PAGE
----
Survival Postures is the latest project from Cleveland-based organizer/visionary Kate Sopko. It is "about practicing a culture that can take care of itself, re-linking culture and survival deep within our own bodies." More info at: survivalpostures.weebly.com
This winter in Cleveland, Ohio, 17 people took part in a group experiment. Each chose a task essential to their survival or well-being that they didn't know how to do. Then, over the course of February, they learned how to do it. How to build a cook stove out of soup cans, how to process wool and weave with it, how to sew homemade menstrual pads... Their Survival Postures were exhibited at a community dinner held at SPACES Gallery on March 20.
This site documents their projects, and our larger experience of working together to re-learn a myriad of lost practical skills. We invite anyone who likes what you see here to consider doing a Survival Posture of your own, and to use this forum to share what you learn with others. Contact firstname.lastname@example.org with your projects.
Survival Postures takes a cue from feminist performance artist Mierle Laderman Ukeles, who, since the late 1960's has used her art to make visible a hidden, stigmatized world of maintenance work that shores up our whole society. She once said that her work is a conscious attempt to re-link cultural practice with how we practice our own survival, saying that "Art begins at the same level as basic survival systems."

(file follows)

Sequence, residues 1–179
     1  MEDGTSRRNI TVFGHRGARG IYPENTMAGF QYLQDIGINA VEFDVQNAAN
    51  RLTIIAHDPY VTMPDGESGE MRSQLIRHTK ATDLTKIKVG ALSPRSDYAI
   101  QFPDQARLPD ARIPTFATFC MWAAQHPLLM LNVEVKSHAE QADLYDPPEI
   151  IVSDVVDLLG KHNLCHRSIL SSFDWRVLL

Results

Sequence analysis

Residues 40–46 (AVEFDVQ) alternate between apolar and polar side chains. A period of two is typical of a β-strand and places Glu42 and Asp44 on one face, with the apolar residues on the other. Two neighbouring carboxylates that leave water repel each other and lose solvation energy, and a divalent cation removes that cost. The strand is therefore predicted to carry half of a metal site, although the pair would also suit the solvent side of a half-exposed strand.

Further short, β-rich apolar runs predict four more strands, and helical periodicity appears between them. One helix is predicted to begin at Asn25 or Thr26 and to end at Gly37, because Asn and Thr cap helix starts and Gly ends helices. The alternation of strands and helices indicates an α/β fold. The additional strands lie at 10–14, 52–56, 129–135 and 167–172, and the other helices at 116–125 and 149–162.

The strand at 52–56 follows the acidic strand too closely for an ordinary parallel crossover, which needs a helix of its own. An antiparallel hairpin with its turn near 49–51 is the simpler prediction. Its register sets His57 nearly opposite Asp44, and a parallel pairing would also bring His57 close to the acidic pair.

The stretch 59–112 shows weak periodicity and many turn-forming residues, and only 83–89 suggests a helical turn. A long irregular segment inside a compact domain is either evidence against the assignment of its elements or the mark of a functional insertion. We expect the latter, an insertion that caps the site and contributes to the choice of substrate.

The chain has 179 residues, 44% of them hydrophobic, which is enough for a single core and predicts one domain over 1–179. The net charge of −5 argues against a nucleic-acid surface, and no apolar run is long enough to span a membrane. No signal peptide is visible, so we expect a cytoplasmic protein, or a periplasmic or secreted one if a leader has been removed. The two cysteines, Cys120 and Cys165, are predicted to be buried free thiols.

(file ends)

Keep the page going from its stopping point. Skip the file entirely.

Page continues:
Lately in Cleveland, we've seen a huge growth in interest in re-localizing the work that provides for our community's basic needs (for example, there's been an exponential increase in urban farming). Many of us are volunteering to do the hands-on work of growing, processing and distributing food; salvaging and reusing building materials; remediating soil on polluted urban lots; and supporting local production of things like clothing, energy and shelter.
In doing so, it's become pretty clear that as an overall culture, we are very much in infancy when it comes to being actors in our own survival. Many basic skills are no longer in our vocabulary, and we rarely flex the muscles that make us producers (rather than consumers) of what we need. At this moment of cultural atrophy, re-learning practical skills will take practice, and in that practice, we will have to allow ourselves to be tentative, uncomfortable and inexperienced.